facility:university of bath abstract

  • Why many people do not like whistleblowers

    Une nouvelle étude donne une explication biologique (basé sur la théorie des jeux) pour le fait qu’il n’est pas évident pour les lanceurs d’alerte de dénoncer quand ça concerne l’organisation dans la quelle ils font partie ; en termes évolutionnaires il serait plus bénéfique de respecter (coopérer avec) les structures existantes plutôt que de les dénoncer.


    “It’s generally very difficult to maintain cooperation between individuals but you can unite people by believing in a common truth, for example maintaining a company culture."

    “The dark side to this is that individuals who act on a piece of information that goes against this perceived common truth pay a reputational cost, even if their information is correct. An example of this is when whistleblowers are vilified by colleagues, even when the evidence is in their favour."


    “In circumstances where like-minded individuals work together, it is evolutionarily more beneficial for individuals to ‘toe the party line’.”


    “You can’t solve this problem by simply criminalising those who don’t speak up against their organisation when something is wrong - this just raises the stakes higher and makes it an even more stressful working culture in which to work.

    “Instead organisations should try to lower the reputational cost to whistleblowers, acknowledging that this is a problem of human biology and introduce measures to make it easier to report problems rather than simply introducing criminal punishments to those who don’t have the courage to go against their biology.”

    L’étude :

    Value Homophily Benefits Cooperation but Motivates Employing Incorrect Social Information
    Journal of Theoretical Biology
    Paul Rauwolf, Dominic Mitchell, Joanna Bryson - University of Bath

    Individuals often judge others based on third-party gossip, rather than their own experience, despite the fact that gossip is error-prone. Here we seek to understand this observation in the context of the evolution of cooperation. If individuals are being judged on noisy social reputations rather than on merit, then agents might exploit this, eroding the sustainability of cooperation. We employ a version of the Prisoner’s Dilemma, the Donation game, which has been used to simulate the evolution of cooperation through indirect reciprocity.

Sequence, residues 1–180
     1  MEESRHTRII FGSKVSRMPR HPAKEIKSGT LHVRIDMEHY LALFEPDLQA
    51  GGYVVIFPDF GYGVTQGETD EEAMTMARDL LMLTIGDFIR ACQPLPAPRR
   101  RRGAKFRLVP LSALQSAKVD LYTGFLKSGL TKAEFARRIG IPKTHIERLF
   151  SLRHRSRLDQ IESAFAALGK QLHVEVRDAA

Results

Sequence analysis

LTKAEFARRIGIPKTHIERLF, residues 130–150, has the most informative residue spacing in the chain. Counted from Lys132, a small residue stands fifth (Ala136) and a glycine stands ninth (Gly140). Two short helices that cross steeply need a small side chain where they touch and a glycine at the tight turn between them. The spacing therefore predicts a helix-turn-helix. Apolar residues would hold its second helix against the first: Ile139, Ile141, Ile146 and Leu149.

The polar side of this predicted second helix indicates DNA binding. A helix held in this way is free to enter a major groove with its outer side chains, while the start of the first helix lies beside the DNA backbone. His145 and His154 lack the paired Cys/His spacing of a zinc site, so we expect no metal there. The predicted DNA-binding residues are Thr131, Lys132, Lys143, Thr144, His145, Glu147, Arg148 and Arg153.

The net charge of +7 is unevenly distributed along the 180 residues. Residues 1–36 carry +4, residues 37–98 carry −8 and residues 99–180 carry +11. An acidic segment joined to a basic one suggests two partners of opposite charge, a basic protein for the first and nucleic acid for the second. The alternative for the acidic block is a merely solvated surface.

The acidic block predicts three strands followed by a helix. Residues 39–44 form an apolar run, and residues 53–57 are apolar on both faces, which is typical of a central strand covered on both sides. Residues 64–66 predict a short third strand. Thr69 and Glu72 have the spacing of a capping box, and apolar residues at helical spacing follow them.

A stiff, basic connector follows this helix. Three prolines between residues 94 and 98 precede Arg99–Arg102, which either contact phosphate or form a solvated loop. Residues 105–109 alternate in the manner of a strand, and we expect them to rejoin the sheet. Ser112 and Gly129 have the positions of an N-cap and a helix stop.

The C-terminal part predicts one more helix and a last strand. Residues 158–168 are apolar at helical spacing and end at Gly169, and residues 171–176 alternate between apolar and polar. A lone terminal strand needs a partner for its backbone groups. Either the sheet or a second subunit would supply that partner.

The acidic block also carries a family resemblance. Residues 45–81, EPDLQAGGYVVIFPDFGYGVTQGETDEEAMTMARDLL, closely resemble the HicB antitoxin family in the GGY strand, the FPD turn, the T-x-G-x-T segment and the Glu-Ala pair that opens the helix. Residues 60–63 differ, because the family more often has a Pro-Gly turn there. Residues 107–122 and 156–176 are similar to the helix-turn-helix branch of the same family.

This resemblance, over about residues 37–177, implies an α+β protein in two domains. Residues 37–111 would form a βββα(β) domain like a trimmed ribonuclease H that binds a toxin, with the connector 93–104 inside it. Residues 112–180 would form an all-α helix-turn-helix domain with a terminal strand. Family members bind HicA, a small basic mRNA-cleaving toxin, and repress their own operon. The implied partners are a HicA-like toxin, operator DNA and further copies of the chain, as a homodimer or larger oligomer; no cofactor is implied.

First, we validate the proposition that adding homophily (the propensity to interact with others of similar beliefs) into a society increases the sustainability of cooperation. However, this creates an evolutionary conflict between the accurate signalling of ingroup status versus the veridical report of the behaviour of other agents.

    We find that conditions exist where signalling ingroup status outweighs honesty as the best method to ultimately spread cooperation.


    • The benefits of gossip and social exclusion inside groups

      Dans le même contexte, une autre étude début de l’année démontre les avantages cachés des ragots et exclusions sociales dans un groupe.


      “Groups that allow their members to gossip, sustain cooperation and deter selfishness better than those that don’t. And groups do even better if they can gossip and ostracize untrustworthy members. While both of these behaviors can be misused, our findings suggest that they also serve very important functions for groups and society.”


      “By removing defectors, more cooperative individuals can more freely invest in the public good without fear of exploitation,”


      When people know that others may gossip about them – and experience the resulting social exclusion – they tend to learn from the experience and reform their behavior by cooperating more in future group settings. In contrast, highly anonymous groups, like many Internet message boards, lack accountability and thereby allow antisocial behavior to thrive.

      Rob Willer, Matthew Feinberg Stanford University

    • @thibnton : je constate l’utilisation non-systématique de deux tags #whistleblower et #whistleblowing ce qui pourrait réduire efficacité des recherches (à moins de chercher sur whistleblow :) ) ; ce qui me mène à l’envie de trancher pour moi-même lequel serait le mieux mais je n’ai pour l’instant pas d’avis ferme, juste une inclinaison vers le « whistleblowing » non-décliné parce que plus général.

      une opinion ?

      au fait, existerait-il des espèces de conventions implicites concernant l’utilisation de tags dans ce contexte-ci ? des best practices ?


    • étrange ! chez moi ça marche.
      aussi bien pour une recherche sur texte que sur hashtag.

      là je reçois tous les whistleblower, whistleblowers, whistleblowing, ....

      j’avais l’impression que la première fois ça n’avais pas marché, et le temps de taper un message ça fonctionne...

      @karl_groucho_d : whistleblower = lanceur d’alerte